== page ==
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June ACap Recap – Your Financial Questions Answered

1. I work for a university with a 457b plan for highly compensated employees; should I contribute to the 457b plan?

There are two types of 457b plans: governmental and nongovernmental. Governmental 457b plans are for state and local government employees, while nongovernmental 457b plans are for highly compensated employees of nonprofits such as universities. Both plans allow you to double your annual pre-tax retirement contributions from the current $17,500 to $35,000, which is a great benefit for those who would like to reduce their taxable income. Unlike the governmental 457b plan, the university 457b plan cannot be rolled over to an IRA when you leave; it can only be rolled over to another nongovernmental 457b plan. In addition, if you leave the university before retirement, you will be paid out the entire 457b balance. Lastly, your contributions to your university’s 457b are not held in a separate trust for your benefit like a traditional 401k or a governmental 457b plan; instead, the value of your 457b plan is part of the general assets of the university and subject to creditor claims. Before deciding to contribute to your employer’s 457b plan, determine whether its benefits and costs are commensurate with your financial goals.

2. What is a Roth 401k?

Roth 401ks are relatively new and very few employers offer Roth 401ks (or Roth 403b), but the ones that do have lucky employees. Roth 401ks are similar to Roth IRAs but better. Unlike a Roth IRA which has income eligibility rules, anyone regardless of their income can participate in their employer’s Roth 401k. Additionally, the contribution limit of a Roth 401k is the same ($17,500) as a regular 401k so you can really stock-pile a lot of tax-free money. Just like a Roth IRA, Roth 401ks are post-tax so the contributions don’t reduce your current taxable income, but like the Roth IRA, the account grows tax-free. In addition, if you leave your employer, you can rollover your Roth 401ks to a Roth IRA. So what’s the downside? -The biggest disadvantage of the Roth 401k is that your contributions do not reduce your taxable income like a regular 401k does. Also, your employer’s matching contributions are pre-tax and not included in your Roth 401k account.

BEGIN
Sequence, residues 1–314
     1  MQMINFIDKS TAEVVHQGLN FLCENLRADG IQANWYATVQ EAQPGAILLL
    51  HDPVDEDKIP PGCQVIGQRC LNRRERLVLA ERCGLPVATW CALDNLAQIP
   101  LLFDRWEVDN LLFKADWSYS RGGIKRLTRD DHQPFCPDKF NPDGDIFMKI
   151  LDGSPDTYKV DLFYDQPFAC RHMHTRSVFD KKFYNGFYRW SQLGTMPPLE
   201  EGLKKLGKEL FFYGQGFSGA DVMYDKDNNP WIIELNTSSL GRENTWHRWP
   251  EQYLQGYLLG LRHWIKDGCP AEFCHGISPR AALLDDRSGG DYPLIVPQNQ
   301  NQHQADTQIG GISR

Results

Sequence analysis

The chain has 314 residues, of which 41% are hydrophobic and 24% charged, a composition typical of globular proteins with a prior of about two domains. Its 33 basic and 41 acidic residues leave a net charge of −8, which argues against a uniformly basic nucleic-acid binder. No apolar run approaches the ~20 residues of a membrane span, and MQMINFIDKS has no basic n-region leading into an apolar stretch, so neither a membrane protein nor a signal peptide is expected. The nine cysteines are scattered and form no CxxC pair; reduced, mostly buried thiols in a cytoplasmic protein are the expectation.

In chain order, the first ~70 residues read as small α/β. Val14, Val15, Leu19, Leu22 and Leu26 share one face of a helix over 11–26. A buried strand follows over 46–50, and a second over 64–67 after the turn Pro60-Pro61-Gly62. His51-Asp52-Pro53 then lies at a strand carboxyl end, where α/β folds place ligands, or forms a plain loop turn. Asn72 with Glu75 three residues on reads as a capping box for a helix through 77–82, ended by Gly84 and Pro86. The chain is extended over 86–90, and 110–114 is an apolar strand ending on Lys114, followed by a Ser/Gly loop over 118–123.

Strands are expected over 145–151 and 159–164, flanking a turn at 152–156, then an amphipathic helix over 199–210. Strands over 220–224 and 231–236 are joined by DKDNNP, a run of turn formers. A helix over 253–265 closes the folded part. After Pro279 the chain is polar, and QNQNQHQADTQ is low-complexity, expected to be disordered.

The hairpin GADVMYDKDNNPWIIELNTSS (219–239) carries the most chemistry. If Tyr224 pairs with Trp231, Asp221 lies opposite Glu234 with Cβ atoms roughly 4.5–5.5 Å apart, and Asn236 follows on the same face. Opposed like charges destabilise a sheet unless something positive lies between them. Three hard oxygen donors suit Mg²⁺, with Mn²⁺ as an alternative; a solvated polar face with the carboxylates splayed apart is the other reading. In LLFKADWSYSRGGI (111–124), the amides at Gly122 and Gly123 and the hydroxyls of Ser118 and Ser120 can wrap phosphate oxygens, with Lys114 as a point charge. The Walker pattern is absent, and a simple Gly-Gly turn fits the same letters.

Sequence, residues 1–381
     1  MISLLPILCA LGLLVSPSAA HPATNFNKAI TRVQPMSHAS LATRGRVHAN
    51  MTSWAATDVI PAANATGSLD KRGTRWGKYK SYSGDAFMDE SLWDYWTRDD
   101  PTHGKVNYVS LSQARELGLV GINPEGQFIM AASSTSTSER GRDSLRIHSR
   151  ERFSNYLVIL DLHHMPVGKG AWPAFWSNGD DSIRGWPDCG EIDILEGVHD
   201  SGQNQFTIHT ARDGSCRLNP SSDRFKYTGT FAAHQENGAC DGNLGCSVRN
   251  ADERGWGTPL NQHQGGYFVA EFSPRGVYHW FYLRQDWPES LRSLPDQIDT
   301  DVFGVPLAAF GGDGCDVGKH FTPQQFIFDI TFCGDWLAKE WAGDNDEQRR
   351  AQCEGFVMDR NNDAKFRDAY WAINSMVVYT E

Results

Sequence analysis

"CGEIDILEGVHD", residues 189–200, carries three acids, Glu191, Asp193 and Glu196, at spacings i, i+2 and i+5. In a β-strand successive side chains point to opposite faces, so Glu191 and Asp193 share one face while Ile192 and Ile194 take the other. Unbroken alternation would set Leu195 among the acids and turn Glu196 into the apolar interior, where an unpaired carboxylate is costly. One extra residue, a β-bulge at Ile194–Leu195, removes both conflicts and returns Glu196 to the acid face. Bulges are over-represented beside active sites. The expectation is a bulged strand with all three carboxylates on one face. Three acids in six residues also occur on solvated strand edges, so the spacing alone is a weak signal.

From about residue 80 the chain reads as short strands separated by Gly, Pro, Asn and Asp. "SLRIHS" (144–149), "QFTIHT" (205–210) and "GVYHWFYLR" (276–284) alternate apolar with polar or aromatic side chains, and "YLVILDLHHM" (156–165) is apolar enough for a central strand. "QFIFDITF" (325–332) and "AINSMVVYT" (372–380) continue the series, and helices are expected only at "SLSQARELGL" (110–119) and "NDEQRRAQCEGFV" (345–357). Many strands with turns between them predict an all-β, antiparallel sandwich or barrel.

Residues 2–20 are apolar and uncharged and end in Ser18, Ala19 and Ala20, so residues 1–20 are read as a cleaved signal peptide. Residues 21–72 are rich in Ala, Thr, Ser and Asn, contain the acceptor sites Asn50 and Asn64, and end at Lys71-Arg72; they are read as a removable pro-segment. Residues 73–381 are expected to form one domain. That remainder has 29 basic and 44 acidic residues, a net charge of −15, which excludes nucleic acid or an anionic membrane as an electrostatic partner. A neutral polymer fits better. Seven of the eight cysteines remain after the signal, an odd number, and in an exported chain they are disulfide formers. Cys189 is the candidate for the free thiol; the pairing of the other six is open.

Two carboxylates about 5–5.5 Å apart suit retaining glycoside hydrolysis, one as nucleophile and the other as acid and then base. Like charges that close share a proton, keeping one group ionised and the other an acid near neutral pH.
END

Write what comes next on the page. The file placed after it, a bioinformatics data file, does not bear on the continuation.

3. My company has a 401k match. How is that calculated?

Many employers offer 401k matching contributions to incentivize employees; but with all the formulas and percentages used, employees sometimes have a hard time understanding how much money they actually get. First off, your employer is not obligated to offer a 401k match, so definitely take the opportunity to further grow your nest egg if they are generous enough to offer it. That said, lets run through a few examples of common 401k match programs.

  • 100% matching up to 3% of salary: Assume you earn $100,000 a year and your employer matches 100 percent of your 401k contributions up to 3 percent of your salary. If you maximize your 401k in 2013 by contributing $17,500, your employer will contribute $3,000 ($100,000 x .03). However, if you only contribute $2,000, your employer will only match $2,000 so you would have missed out on the additional $1,000 by not contributing at least 3 percent.
  • 25% matching up to 3% of salary: You would need to contribute $12,000 ($3,000/.25) to fully benefit from the match. Therefore if you contribute $17,500, your employer will only match $3,000 ($100,000 x .03), but if you contribute $10,000, your employer will match $2,500 ($10,000 x .25).
  • Fully vested: Lastly, if your employer says that your contributions are fully vested, that means if you were to leave the company, you can keep 100 percent of your employer’s contributions.

4. If I sell an investment, why is the cash not immediately available?

I received this question from a client recently who wanted to know why his cash was not immediately available for withdrawal from the sale of his mutual fund. When trading, there are two dates to keep in mind: transaction date and settlement date. The transaction date is when the trade occurred, but the settlement date is when the transaction is complete and can take up to 3 days from the transaction date. Some securities are 1 day, but regardless, the cash from the sale of a security is not available for withdrawal until the trade settles. Some brokerage houses will allow you to buy another investment prior to settlement, but not without a stern warning you that you are buying on unsettled funds per Regulation T of the Federal Reserve which dictates the rules for trading on unsettled funds.

 

Have a financial question? Contact ACap Asset Management at info@acapam.com or 818-272-8511.

Ara Oghoorian, CFA, CFP® is the president and founder of ACap Asset Management, Inc., a “Fee-Only” investment management firm located in Los Angeles, CA specializing in helping doctors and physicians make sound financial decisions. Visit us at www.acapam.com